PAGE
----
Box Office Manager Richard Rubio Ticket Services Supervisor Samanta Cubias Box Office Agents Sophia Brady · Nathan Brown · Christina Cone · Julie Gotsch · Eliza Oakley

ELECTRICS Master Electrician Frederick C. Geffken Production Electricians Christine Cochrane Kenneth Coté

M A R K E T I NG & C OM M U N I C AT ION S Director of Marketing, Communications, and Patron Engagement Polly Winograd Ikonen Director of Public Relations Tim Etheridge Marketing Director Peter Yonka Art Director Nora Merecicky Communications Manager Karen McKevitt Audience Development Manager Sarah Nowicki Webmaster Christina Cone Video & Multimedia Producer Christina Kolozsvary Program Advertising Ellen Felker Interim Senior House Manager Debra Selman Assistant House Managers Jessica Charles · Steven Coambs · Aleta George · Tuesday Ray · Ayanna Makalani · Mary Cait Hogan · Sarah Mosby Interim Concessions Manager Hugh Dunaway Concessionaires Jessica Bates · Samantha Burse · Steven Coambs · Alisha Ehrlich · Sarah Mosby · Benjamin Ortiz · Jenny Ortiz · Sandy Valois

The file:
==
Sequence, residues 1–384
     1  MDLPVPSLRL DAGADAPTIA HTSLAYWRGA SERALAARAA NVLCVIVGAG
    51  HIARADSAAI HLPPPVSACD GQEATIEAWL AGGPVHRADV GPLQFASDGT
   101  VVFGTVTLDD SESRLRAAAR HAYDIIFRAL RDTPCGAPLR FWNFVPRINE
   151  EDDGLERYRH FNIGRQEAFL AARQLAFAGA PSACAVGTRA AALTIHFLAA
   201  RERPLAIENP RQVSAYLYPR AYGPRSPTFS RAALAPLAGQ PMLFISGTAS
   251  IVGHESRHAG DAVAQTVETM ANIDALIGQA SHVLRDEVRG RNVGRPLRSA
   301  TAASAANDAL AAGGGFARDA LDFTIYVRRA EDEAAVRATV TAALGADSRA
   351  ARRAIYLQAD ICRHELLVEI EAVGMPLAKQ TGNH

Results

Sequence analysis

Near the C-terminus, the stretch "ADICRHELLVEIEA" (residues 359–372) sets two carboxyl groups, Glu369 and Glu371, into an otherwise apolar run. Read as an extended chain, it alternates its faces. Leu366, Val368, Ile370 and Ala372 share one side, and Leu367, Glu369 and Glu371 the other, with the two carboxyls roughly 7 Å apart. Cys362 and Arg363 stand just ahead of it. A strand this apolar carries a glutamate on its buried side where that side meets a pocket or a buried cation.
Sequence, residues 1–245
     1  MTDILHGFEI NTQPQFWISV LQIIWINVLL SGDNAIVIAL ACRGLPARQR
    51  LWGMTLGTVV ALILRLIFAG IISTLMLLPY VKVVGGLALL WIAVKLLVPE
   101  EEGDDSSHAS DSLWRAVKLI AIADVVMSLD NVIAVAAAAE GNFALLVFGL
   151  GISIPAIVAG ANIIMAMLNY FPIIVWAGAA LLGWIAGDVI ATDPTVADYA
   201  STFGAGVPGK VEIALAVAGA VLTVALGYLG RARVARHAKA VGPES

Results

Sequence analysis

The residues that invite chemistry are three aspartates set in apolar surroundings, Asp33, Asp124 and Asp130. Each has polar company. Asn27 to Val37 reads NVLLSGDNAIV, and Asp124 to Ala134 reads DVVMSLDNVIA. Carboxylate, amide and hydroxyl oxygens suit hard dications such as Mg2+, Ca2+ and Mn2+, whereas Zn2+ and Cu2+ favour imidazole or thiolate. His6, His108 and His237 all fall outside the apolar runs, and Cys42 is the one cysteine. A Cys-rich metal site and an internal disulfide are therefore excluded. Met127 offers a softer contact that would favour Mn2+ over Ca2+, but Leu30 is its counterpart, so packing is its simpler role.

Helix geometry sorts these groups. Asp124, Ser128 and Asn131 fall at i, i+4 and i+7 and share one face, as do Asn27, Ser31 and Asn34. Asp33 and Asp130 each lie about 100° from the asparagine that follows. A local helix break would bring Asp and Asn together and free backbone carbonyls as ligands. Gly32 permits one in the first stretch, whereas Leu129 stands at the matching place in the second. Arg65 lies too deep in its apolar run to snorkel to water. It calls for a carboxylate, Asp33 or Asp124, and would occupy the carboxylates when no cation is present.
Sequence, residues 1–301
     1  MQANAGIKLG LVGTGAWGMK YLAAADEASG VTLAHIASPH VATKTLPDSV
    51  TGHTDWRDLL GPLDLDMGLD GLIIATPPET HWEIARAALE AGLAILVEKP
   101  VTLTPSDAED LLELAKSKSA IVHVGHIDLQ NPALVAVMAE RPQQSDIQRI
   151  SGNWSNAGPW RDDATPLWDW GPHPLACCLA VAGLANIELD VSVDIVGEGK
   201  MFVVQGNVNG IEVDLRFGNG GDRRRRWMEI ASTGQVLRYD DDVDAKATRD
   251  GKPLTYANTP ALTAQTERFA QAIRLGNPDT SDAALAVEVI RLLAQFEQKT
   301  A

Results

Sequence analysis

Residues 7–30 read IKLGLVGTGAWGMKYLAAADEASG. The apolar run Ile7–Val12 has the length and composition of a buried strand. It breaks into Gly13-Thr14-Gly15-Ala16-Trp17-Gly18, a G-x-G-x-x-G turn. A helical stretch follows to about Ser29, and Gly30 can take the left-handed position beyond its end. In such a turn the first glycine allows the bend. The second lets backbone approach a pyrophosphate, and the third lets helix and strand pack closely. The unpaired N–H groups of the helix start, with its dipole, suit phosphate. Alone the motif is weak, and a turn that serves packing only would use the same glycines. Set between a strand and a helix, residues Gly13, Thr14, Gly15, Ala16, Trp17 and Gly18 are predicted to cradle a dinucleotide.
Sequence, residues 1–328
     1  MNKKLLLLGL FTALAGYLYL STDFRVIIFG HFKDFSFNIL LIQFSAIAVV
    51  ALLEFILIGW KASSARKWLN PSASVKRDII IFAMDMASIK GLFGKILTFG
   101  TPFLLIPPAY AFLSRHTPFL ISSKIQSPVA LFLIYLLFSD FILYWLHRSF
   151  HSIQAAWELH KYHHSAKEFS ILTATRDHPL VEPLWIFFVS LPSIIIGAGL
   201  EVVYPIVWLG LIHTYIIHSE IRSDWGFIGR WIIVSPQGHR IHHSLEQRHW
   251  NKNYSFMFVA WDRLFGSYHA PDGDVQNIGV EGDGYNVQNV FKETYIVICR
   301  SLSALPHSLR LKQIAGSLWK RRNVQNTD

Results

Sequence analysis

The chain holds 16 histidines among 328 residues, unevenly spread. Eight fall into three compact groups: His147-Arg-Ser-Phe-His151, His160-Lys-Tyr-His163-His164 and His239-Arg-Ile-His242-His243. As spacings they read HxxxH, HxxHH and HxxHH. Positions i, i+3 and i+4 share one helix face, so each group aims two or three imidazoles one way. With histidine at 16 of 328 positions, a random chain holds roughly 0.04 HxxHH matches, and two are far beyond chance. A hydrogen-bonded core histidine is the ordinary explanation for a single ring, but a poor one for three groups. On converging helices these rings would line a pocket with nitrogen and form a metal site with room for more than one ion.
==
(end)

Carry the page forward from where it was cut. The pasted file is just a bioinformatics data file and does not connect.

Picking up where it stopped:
S OU N D A N D V I DE O Sound Supervisor James Ballen Sound Engineers Angela Don Annemarie Scerra Video Supervisor Alex Marshall A DM I N I S T R AT ION Controller Suzanne Pettigrew General Manager Theresa Von Klug Associate General Manager/ Human Resources Manager David Lorenc Director of Technology Gustav Davila Associate Managing Director/ Manager, The Ground Floor Sarah Williams Executive Assistant Andrew Susskind Bookkeeper Kristine Taylor Payroll Administrator Rhonda Scott Systems & Applications Director Diana Amezquita Systems Assistant Debra Wong Yale Management Fellow Adam Frank DE V E L OPM E N T Director of Development Lynn Eve Komaromi Associate Director of Development Daria Hepps Director of Individual Giving Laura Fichtenberg Director of Special Events Julie Cervetto Special Events Manager Kelsey Hogan Individual Giving Manager Joanna Taber Development Database Coordinator Jane Voytek Development Operations Associate Beryl Baker Executive Assistant Emma Nicholls B OX OF F I C E Ticket Services Director Destiny Askin Subscription Manager Laurie Barnes